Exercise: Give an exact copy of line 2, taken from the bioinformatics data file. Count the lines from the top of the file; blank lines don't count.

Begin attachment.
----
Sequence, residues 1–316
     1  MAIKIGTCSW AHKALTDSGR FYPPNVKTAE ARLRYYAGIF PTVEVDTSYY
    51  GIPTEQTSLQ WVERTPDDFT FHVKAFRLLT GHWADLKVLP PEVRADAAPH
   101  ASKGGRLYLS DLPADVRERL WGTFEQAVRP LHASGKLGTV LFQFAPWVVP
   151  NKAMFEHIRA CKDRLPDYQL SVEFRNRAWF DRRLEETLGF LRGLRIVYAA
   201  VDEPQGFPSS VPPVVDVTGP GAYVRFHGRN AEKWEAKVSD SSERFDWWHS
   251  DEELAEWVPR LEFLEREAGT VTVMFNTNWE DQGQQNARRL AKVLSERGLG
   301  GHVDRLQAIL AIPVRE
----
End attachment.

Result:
     1  MAIKIGTCSW AHKALTDSGR FYPPNVKTAE ARLRYYAGIF PTVEVDTSYY